ian and i go way back. we were just kids studying together back in munich, an odd couple but somehow it worked out. maybe it's our motivation that keeps us connected-- ian always pushed me to do things i was too jaded or too cool to do and i always told him what music he should be listening to and what food he should be eating. now he's living the rockstar life in berlin with his lovely lady, lilly, working for soundcloud and playing shows to a bevy of eyelash batting german girls. he's driven, intelligent, charming, talented (ok, i'll quit jerking you off, asshole!) and was one of the first people i asked to do BIG THINGS AHEAD last year. despite the age of the answers, it's still worth reading and i think ian would agree that what he's done since filling this out is certainly on the path that he sees for himself. digging around for these old photos was a trip! dont forget to listen to a few tracks! see you soon in berlin!?

Latest tracks by Ian Hooper

Name: Ian William Hooper
Age: The ripe young age of 22…for another month
Hometown: Gig Harbor, Washington
Where are you right now? Berlin, Germany

What do you do? I am torn. During the working day, with my wingtips and tie, I play Bruce Wayne, working in the heart of Berlin…except I’m no billionaire bachelor. I am an exploited wage slave in the capitalist system. Ha, no. Well, sort of, I guess. By night, I play Batman…except instead of handing out life-lessons in justice to the city’s slum, I play music. My life is very two-sided but, luckily, I am pursuing two paths in life that are of great interest to me.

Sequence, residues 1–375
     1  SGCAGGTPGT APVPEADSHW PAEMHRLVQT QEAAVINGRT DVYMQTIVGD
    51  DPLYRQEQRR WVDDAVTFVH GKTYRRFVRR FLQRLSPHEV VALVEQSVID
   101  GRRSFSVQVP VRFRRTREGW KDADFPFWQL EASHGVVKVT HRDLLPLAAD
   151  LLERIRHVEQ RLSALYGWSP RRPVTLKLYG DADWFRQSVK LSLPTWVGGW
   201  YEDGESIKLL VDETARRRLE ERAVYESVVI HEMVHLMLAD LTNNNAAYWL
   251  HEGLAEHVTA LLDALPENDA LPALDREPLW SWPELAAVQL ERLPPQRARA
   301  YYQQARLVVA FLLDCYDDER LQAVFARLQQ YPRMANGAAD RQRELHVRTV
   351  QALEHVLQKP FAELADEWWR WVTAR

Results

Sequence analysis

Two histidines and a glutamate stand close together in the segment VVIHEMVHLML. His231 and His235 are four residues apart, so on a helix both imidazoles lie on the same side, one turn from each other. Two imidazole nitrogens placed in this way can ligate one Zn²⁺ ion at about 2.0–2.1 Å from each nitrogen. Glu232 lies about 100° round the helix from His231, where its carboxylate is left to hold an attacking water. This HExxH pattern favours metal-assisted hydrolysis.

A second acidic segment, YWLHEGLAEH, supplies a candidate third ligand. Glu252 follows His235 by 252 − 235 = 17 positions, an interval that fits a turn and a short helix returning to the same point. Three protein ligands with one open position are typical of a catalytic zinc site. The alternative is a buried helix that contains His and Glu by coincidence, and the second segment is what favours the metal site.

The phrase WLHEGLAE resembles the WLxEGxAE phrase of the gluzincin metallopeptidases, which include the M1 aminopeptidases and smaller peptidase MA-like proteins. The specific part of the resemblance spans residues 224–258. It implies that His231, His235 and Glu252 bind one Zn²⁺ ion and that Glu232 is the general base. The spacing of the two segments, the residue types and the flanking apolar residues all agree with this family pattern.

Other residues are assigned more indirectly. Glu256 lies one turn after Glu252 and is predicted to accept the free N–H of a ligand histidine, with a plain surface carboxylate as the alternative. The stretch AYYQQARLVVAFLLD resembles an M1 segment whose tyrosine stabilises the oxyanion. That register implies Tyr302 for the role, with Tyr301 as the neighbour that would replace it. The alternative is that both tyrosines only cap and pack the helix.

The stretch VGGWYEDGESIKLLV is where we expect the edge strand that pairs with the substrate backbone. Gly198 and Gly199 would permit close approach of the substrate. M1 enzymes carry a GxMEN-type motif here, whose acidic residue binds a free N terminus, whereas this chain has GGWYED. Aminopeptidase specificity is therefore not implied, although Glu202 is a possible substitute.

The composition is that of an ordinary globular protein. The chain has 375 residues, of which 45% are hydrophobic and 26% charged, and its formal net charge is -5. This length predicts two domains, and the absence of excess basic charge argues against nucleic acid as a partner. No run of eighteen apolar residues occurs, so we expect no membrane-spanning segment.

I recently finished my Fulbright in Hamburg and applied for this gig in Berlin – luckily, I got it. I am an intern with a transatlantic non-partisan organization based in Berlin. Having studied international relations, I figured this would be a solid fit for me. A month in, it has turned out to be a mixed-blessing. The organization, while well-intentioned, seems to serve as a quasi rich-man’s club and seeks to facilitate ties between the upper echelons of Germany’s and America’s private and public sectors. They do have interesting exchanges for journalists, social-studies teachers and underprivileged youth. I am essentially a glorified secretary. Nonetheless, it is pretty well-paid, it allots me the opportunity to live in one of the world’s greatest cities for my age and to learn a great deal about what it means to be at the bottom of a hierarchical organization wherein shit runs down its slippery slope to…the bottom.